Today's blog is a response to a request for a blog topic. It happens to be something that I am very passionate about and have written about often in the past. Choosing a puppy should take a great deal of time and effort. I don't care if you want a mix, a tiny yorkie, giant Irish Wolfhound or pound puppy; we need to look inside as well as outside. Temperament!!!!!!!! As someone who does temperament testing I get to see the vast difference a litter can hold. It really bothers me when people sell puppies as soon as they are born; it is often all done by color. Other breeders let people choose once the puppies are moving around; 2-3 weeks seems to be a popular age.
What are you getting? If you choose a puppy before the age of 6-7 weeks of age then you have absolutely no idea of what you are getting. That said, if you do not take puppies away from the pack and visit on their own then you really don't know what you are getting. Within a pack or litter, the puppies typically work out a hierarchy. It can change as the puppies age but the behaviors that you see within the litter can be drastically different once you stand a puppy on it's own. Often the tough guy of the bunch is the biggest chicken when they are all alone. Maybe the little meek puppy is the best at handling different sounds and sights. You just don't know until you test.
The first thing to look for when getting a new puppy is a breeder who places puppies into the most appropriate homes for their temperament. Many times a litter may be very similar so there can be many choices for a family; but other times they are all very different and there may be only one suitable puppy. Then there are times when there is not a puppy to fit; this may be the case when a family is looking for something very particular. I cannot tell you what you want in a dog; that is something that a family must sit down and decide. It may be a super athlete, you want a super charged, energetic, go getter. Maybe you want a quiet, mellow and calm dog; the ones I call "porch dogs."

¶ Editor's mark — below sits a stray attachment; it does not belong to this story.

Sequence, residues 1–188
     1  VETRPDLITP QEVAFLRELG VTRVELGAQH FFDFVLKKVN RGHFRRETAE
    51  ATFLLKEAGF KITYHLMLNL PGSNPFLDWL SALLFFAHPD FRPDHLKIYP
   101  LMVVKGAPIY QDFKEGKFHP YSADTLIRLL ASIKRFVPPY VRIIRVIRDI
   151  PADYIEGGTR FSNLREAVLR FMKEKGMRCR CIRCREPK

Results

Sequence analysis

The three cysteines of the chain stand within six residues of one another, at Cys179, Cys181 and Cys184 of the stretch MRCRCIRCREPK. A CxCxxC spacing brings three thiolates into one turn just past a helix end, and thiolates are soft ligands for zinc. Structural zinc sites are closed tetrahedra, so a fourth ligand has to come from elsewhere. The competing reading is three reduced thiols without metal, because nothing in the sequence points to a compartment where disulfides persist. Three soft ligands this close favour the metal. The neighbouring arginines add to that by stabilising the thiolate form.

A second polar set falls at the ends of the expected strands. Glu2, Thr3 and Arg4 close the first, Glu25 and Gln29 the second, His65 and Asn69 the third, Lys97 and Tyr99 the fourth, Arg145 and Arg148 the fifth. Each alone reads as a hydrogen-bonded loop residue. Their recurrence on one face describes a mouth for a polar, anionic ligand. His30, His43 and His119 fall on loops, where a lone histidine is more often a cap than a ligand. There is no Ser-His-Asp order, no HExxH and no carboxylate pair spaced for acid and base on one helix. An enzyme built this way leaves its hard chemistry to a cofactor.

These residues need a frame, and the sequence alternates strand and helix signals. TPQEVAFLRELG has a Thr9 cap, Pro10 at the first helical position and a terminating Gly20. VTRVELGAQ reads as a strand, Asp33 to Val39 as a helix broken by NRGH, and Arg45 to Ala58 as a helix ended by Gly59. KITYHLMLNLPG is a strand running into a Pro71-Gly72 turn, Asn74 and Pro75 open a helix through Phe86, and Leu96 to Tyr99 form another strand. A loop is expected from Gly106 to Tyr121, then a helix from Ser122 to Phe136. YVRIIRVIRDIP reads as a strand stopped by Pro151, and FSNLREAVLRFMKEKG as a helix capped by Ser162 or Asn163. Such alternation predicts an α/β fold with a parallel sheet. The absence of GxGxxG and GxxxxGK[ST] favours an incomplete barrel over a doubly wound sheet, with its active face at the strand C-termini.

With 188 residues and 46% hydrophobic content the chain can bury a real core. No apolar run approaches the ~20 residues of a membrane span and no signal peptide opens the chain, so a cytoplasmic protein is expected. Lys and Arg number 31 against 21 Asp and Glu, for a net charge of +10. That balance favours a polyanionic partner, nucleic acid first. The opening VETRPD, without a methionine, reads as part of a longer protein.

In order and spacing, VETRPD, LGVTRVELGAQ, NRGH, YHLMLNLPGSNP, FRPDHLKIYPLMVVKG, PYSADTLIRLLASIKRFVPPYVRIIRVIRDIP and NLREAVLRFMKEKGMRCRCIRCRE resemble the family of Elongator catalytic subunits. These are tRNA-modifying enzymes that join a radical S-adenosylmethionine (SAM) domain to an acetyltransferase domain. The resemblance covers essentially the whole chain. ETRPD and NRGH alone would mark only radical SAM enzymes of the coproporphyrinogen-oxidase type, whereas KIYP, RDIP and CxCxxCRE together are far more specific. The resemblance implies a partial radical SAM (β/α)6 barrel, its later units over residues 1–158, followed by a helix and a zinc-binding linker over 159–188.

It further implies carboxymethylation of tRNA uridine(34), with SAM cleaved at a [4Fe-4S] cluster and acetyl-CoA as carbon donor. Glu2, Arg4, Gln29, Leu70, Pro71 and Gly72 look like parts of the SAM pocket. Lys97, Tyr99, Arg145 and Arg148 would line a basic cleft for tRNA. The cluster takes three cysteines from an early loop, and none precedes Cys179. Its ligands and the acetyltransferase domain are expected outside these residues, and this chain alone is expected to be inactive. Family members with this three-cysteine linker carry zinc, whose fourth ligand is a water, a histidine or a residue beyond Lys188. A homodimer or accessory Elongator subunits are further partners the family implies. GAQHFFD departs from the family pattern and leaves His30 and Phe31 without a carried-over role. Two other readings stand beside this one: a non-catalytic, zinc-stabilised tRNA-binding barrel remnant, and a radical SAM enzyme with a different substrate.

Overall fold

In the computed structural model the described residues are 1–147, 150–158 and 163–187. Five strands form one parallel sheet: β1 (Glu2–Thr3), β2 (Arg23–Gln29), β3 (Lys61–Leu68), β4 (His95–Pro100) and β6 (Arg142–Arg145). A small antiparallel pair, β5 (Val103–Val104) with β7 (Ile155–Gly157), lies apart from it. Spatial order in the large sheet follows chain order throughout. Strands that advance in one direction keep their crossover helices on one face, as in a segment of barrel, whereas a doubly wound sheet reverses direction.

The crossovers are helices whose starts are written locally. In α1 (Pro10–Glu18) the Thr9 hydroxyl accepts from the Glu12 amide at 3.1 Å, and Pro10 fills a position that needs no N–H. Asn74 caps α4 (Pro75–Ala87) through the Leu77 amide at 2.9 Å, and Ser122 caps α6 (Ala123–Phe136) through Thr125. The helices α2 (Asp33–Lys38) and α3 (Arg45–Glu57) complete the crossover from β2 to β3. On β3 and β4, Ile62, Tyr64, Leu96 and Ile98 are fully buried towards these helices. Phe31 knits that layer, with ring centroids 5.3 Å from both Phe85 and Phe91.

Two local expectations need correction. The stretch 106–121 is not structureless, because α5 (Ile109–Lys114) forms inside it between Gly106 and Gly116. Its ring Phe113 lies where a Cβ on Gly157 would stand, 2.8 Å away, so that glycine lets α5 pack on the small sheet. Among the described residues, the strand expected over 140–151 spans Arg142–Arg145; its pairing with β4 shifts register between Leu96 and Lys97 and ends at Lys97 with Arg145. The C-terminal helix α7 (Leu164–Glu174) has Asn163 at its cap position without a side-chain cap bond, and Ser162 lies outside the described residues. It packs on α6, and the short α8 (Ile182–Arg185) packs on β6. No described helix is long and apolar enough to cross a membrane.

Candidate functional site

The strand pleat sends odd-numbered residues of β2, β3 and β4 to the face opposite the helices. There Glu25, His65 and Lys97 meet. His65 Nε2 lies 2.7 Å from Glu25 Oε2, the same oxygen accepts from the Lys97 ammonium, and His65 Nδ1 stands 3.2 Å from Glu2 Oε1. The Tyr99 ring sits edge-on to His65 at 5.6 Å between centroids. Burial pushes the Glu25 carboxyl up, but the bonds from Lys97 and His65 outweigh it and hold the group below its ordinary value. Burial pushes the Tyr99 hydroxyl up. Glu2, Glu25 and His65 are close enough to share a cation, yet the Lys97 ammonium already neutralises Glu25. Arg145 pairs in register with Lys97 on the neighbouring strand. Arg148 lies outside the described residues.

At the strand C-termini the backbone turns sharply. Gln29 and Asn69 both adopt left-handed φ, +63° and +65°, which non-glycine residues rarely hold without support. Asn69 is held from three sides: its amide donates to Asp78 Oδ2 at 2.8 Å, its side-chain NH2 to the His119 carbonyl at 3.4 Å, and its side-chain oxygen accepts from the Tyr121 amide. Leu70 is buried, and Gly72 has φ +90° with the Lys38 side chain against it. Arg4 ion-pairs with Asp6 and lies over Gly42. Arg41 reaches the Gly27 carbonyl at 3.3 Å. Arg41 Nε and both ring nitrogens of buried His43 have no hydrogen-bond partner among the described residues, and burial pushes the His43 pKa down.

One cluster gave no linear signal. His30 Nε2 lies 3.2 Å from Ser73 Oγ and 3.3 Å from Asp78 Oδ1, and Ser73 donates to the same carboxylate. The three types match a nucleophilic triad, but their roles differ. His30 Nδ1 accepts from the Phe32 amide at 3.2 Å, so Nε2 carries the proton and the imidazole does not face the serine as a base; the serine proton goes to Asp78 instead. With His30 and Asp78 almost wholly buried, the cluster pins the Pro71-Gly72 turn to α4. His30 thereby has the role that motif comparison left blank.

Are you looking for a therapy dog? One that can visit either children, elderly or sick patients? You may be wanting to do search and rescue, go to ground, dock diving, competitive obedience or flyball. When you are looking for something particular you need to look for something particular. For myself, I was looking for a dog who was very social, a tail wagger who was not dominant. I needed a puppy who would respect her elders and it had to be a "she." I went through a great number of litters and it just never seemed to be the right fit. When I found Elsa's breeder I told her what I was looking for; we spoke over the weeks until the temperament test. Elsa was the one for us.
My question for those who don't try to match puppy to family is why not? Why not give the puppy the best chance at having it be a forever home? One of the biggest reasons that a puppy doesn't work is that it is not the right puppy for the family. Like I always, always say, every dog is different and every person is different. Knowing what you want and what you can and cannot live with is a good thing. This fact alone has many dog lovers shaking their head claiming "you should love them all." That would be nice in a fairly tale world but it is not reality. I know that I love all dogs, that in no way means that I want to live with all dogs.
Temperament is important; so is health and structure. Is genetic health testing important? Most definitely. And my question again would be "why not?" Why not do the best you can? Why not be sure, or at least as sure as you can be? Of course things can happen, dogs get sick just like people get sick. But if a breeder chooses not to test then they are working blind and in my opinion not doing their job. I have heard many breeders say "they have very healthy lines, no problems in their lines," but without the tests they don't really know. Even though dogs may seem to be healthy they can be carrying secret genetic health issues that will be passed down to their offspring. But that lacks breeder will never know and neither will that new puppy owner until it rears it's ugly face.
If you are getting a shelter or rescue puppy then make sure it is the puppy you are looking for. I believe that all rescue groups should be doing temperament testing; many do not. Of course they cannot do genetic testing because many dogs come from an unknown background. But they can fit puppies and/or dogs with the appropriate family. I have been to many behavior appointments where the cause of the "issues" is the wrong puppy in the wrong home. Sometimes it has been the wrong breed entirely; the person has not done their research. There have been misplaced rescue dogs from the groups that do not do temperament testing.
Having a dog join your family can be a time of transition and challenge when it is a good fit. When it is a mismatch it can be a continual struggle to make it work; creating a situation that could have been easily avoided by matching puppy with family.